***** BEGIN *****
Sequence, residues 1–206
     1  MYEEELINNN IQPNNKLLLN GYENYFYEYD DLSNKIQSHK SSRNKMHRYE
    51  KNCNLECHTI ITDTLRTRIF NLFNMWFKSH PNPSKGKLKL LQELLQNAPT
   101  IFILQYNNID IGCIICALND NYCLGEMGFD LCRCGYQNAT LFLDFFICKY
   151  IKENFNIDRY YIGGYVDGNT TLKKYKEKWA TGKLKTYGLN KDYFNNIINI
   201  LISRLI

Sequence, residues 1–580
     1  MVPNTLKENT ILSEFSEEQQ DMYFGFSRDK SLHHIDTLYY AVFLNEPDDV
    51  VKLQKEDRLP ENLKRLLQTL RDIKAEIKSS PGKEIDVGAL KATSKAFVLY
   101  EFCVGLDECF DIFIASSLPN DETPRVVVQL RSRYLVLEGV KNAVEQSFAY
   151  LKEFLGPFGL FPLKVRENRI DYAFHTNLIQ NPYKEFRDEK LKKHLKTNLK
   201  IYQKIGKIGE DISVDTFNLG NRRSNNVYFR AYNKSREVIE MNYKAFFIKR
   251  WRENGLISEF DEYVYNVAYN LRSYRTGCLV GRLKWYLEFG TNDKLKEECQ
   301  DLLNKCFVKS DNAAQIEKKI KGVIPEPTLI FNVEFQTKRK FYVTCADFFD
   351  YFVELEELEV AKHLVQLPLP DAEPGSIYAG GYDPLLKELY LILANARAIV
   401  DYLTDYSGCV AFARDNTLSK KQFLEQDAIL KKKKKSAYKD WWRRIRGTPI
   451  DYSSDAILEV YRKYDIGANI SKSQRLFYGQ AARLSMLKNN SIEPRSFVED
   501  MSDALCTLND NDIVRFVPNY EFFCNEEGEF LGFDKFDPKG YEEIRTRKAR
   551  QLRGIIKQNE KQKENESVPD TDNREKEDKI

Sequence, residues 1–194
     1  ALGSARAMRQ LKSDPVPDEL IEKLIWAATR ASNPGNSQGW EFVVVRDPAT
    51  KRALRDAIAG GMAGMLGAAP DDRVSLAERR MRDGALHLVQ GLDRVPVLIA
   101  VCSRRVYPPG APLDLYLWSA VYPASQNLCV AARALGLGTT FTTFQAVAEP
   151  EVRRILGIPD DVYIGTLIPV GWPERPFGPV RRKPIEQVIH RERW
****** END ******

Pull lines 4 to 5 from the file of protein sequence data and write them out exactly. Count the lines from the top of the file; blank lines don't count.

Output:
   101  IFILQYNNID IGCIICALND NYCLGEMGFD LCRCGYQNAT LFLDFFICKY
   151  IKENFNIDRY YIGGYVDGNT TLKKYKEKWA TGKLKTYGLN KDYFNNIINI